South Carolina nuclear fuel plant can keep running for 40 years
Federal officials have granted a South Carolina factory which is just one of three in the country making fuel for nuclear plants a license to keep operating for 40 years.
Environmental groups had fought the new license for Westinghouse Nuclear in Columbia or at least asked federal officials to limit it to 20 years because of more than 40 environmental and safety problems at the facility since 1980.
Those issues included nuclear material leaking through the plant floor, the buildup of uranium in an air pollution control device and groundwater pollution near the factory, The State newspaper reported.
But the U.S. Nuclear Regulatory Commission announced Monday it approved allowing the plant, built more than five decades ago, to keep making atomic fuel rods through 2062.
The agency cited a recent environmental study saying only small to moderate environmental impacts could be expected from the plant over the next 40 years.
Those environmental studies did not leave critics of the plant feeling better about its possible impacts, said Tom Clements, a nuclear safety watchdog.
"It's no surprise,'' Clements told the newspaper. "They have totally ignored public concerns about a 40-year operating license and all the events that have taken place over the last years. It makes it look like this was a done deal.''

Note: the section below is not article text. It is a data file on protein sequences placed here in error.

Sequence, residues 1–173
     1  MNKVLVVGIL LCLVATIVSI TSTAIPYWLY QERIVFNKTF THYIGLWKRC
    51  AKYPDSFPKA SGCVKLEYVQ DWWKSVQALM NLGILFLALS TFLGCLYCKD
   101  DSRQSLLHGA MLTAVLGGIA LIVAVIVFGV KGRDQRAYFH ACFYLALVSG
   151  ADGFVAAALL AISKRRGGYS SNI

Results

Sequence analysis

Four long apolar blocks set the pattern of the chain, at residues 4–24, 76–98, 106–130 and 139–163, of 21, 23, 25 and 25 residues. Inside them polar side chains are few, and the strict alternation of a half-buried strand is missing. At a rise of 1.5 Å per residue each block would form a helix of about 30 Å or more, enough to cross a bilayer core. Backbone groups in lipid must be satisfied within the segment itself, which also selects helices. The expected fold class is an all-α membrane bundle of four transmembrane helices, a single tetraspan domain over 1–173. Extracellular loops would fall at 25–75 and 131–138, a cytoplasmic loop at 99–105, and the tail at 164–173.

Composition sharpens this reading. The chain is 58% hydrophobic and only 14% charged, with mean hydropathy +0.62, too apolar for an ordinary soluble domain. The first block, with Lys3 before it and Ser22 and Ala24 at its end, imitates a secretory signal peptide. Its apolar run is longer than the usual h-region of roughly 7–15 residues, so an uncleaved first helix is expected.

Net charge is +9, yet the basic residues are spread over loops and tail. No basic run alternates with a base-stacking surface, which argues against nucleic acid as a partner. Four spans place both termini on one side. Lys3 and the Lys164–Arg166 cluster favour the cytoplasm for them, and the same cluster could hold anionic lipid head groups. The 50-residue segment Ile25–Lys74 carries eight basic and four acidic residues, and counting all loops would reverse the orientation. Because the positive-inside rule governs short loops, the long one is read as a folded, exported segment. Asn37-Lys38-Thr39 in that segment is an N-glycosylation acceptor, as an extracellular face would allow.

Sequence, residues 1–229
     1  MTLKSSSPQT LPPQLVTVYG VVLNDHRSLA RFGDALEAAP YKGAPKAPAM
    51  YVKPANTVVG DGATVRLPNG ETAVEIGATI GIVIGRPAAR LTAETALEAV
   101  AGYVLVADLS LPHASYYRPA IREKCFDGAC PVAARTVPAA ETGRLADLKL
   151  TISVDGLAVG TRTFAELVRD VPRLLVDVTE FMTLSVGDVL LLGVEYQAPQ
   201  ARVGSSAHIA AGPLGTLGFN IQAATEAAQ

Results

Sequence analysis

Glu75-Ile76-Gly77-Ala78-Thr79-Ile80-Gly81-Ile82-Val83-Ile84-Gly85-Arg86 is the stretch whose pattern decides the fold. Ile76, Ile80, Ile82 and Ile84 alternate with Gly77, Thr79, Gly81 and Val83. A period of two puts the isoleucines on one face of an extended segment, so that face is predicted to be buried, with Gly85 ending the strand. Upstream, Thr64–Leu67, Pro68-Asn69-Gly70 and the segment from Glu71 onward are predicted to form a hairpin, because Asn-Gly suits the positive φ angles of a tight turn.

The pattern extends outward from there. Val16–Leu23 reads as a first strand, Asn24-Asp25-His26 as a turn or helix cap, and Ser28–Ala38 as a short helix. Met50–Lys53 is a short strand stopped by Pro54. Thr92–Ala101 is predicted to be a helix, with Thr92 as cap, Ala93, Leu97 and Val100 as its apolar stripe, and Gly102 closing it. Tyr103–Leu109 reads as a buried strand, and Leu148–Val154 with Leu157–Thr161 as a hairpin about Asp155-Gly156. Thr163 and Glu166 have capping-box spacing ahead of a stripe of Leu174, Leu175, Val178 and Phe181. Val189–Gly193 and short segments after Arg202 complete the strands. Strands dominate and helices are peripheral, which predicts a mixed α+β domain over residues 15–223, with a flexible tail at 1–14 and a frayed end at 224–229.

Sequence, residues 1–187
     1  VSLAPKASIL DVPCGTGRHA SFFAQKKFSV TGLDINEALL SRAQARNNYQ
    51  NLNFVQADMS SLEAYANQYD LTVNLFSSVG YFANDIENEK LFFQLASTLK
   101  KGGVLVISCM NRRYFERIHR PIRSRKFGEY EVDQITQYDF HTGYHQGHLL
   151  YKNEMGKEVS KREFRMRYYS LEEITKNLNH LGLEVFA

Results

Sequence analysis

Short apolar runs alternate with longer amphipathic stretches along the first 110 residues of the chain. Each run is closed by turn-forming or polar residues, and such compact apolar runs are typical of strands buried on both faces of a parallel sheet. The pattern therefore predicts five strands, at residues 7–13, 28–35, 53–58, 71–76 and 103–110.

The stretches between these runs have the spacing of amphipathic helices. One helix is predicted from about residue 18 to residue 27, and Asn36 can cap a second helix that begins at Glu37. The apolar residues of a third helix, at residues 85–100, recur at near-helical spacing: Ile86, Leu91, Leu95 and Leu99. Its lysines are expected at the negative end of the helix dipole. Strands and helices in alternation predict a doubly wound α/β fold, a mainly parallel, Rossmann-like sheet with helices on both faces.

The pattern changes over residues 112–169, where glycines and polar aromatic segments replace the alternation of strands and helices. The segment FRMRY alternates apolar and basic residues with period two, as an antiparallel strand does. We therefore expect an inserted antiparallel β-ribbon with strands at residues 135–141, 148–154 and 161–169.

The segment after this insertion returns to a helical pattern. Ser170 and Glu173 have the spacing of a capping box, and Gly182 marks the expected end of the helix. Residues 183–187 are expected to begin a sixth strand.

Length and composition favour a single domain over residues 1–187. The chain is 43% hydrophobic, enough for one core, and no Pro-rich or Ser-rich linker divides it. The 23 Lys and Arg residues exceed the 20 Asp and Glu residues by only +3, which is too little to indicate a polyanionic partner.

Westinghouse has been ordered to pay a number of small fines over the past 40 years including $24,000 after ash in the plant's incinerator exceeded limits for uranium.
In 2018, an acid solution burned a small hole in the floor of the plant, allowing uranium to contaminate the soil. The company cleaned up the area.
Environmentalists also said Westinghouse has not done enough to make sure dangerous material doesn't enter groundwater around the plant, but state officials said extensive testing and review by their scientists and three independent firms left them confident the factory was not an environmental threat.
South Carolina's Westinghouse plant has nearly 1,000 workers and is one of three factories in the U.S. making the fuel to run nuclear power plants. The other facilities are in Wilmington, North Carolina; and Richland, Washington.
Westinghouse promised safety is its top priority as it continues to make the fuel over the next 40 years.
"The Columbia fuel fabrication facility plays a vital role in fueling the global operating nuclear fleet while also assuring United States energy independence," Patrick Fragman, Westinghouse's president and chief executive officer, said in a statement.